Date of Award

Spring 2021

Project Type


Program or Major

Biological Sciences

Degree Name

Master of Science

First Advisor

Daniel Howard

Second Advisor

Carrie Hall

Third Advisor

Jason Goldstein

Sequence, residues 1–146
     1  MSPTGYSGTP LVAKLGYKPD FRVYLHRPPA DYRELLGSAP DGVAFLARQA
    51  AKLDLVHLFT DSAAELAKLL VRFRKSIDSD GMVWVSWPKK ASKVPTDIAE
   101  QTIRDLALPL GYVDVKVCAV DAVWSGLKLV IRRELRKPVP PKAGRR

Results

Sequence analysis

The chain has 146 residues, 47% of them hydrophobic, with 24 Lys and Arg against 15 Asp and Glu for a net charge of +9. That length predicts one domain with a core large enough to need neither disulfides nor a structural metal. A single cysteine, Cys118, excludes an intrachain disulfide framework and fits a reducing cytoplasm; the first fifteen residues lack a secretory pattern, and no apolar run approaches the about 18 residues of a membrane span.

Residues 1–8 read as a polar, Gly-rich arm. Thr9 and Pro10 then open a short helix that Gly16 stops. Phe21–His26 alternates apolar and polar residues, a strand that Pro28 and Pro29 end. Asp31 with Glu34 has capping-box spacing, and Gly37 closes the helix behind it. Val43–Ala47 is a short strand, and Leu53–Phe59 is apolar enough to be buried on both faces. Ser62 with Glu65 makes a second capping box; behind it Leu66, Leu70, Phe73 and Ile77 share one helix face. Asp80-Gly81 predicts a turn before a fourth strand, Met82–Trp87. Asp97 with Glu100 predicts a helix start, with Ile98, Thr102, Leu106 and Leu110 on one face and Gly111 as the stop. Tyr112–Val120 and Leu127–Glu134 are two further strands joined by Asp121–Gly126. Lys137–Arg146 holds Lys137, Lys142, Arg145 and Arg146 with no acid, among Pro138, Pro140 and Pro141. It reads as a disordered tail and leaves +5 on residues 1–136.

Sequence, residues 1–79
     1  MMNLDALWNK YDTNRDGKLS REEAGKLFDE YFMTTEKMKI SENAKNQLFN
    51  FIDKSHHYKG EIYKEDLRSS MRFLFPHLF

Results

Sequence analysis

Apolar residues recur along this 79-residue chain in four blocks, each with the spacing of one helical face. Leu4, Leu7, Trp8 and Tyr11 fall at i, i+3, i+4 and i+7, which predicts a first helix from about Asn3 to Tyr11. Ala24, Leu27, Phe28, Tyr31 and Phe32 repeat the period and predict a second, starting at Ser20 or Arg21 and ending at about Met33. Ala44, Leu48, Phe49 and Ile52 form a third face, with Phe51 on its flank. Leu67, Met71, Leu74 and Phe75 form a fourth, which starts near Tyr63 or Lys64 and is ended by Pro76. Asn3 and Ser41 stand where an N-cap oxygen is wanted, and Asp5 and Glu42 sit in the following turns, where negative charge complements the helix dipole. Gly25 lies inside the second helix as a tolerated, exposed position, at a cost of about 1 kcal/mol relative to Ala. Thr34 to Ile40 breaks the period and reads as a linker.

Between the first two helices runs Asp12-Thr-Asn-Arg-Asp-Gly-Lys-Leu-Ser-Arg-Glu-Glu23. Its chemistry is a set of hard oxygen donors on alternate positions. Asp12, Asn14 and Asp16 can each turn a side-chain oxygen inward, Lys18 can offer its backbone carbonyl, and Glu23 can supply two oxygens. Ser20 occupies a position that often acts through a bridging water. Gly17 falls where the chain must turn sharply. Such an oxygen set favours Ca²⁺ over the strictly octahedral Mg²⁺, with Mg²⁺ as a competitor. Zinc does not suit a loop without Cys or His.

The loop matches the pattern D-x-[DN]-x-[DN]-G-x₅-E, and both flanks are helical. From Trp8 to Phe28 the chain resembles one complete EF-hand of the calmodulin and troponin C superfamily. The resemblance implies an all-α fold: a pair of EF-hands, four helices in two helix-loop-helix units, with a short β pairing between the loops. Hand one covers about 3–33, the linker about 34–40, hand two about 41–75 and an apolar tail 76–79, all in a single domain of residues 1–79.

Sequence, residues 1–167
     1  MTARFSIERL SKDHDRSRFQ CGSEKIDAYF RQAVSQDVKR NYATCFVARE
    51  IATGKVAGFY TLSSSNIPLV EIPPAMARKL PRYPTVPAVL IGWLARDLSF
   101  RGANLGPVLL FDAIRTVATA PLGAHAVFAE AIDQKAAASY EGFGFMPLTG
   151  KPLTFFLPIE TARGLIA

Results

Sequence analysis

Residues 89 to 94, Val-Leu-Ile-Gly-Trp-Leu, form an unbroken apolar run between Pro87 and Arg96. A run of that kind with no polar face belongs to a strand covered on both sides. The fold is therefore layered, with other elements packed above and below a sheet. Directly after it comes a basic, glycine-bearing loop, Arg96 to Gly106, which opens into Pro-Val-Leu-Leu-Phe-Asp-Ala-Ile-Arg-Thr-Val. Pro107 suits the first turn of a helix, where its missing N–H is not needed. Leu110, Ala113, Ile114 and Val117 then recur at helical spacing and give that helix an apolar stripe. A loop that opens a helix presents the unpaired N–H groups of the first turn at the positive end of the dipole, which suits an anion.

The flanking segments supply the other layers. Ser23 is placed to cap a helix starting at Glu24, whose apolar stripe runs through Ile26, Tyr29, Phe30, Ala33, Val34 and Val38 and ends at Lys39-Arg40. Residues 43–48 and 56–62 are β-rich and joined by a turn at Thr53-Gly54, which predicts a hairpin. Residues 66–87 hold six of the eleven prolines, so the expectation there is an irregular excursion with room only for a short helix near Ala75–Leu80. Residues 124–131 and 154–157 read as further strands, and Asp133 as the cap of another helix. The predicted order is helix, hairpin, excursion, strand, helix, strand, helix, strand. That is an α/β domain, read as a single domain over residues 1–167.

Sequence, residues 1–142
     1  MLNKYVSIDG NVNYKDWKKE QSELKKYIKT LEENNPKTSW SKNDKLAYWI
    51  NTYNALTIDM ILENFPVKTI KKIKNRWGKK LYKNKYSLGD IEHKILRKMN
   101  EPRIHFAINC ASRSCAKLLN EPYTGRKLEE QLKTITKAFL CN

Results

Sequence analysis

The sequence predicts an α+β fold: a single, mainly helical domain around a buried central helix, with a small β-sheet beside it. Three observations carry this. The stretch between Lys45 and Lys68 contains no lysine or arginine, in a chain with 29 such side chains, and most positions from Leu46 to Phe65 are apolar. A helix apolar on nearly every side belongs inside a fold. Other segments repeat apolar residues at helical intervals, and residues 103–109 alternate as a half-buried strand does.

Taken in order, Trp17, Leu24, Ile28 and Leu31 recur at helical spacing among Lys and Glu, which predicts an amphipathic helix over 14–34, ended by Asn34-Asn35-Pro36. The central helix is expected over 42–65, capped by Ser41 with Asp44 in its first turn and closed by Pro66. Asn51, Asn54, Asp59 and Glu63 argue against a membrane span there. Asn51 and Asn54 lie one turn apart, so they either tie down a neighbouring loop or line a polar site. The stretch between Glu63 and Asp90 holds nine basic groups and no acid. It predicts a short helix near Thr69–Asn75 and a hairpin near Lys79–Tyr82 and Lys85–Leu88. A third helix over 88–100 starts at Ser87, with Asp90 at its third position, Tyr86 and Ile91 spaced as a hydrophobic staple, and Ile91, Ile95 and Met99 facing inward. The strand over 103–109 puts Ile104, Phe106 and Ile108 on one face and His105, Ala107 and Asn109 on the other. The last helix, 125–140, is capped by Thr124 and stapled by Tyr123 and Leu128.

Salt marsh habitats are prevalent throughout coastal New England and offer a wide rangeof ecological services, including serving as nursery habitats to both transient and resident species, trapping sediment and nutrients to keep pace with rising sea levels, and improving water quality through filtration of runoff. These complex habitats remain poorly understood, especially regarding the biological communities that occupy them. The northern temperate salt marshes that characterize the coast of Northern New England contain northern temperate salt marsh pools (NTSPs) that serve as important wildlife habitats with unique abiotic conditions and biotic communities. The isolated nature of these pools from their estuary mainland, with the exception of inputs from infrequent tidal flooding, allows them to be characterized as islands in the context of island biogeography theory. Here, I assess two island biogeography variables, island size (pool volume) and connectivity (distance of pools from a tidal creek), to determine their effect on the abundance, species richness, and biodiversity of NTSPs. Data from this study indicated that NTSP size is positively correlated with both organism abundance and species richness, while NTSP connectivity is correlated with biodiversity. The monitoring of ecosystems using passive acoustic techniques has gained increasing popularity in recent years, as it is cost effective, and less time intensive than traditional biodiversity surveys. To expedite the process of analyzing recordings, many acoustic indices have been developed to analyze soundscape recordings. During this study, I used passive acoustic methods to monitor 20 NTSPs during the summer of 2021 to determine whether acoustic indices in the R packaged soundecology and seewave (H, BIO, ACI, ADI, AEI, and NDSI) highlight relationships between NTSP soundscapes with the abundance, species richness, and/or biodiversity of their inhabitants. This analysis determined that the AEI index had the strongest correlation with organism abundance and species richness, while only the maximum values produced by the BIO index correlated with NTSP biodiversity. This analysis also determined that the abiotic variable pool volume was positively correlated with ACI and AEI index values, as well as maximum values from the BIO index. While correlations between both biotic and abiotic variables and acoustic indices were found, it is recommended that acoustic indices designed for aquatic use are created, as there are many differences between aquatic and terrestrial soundscapes.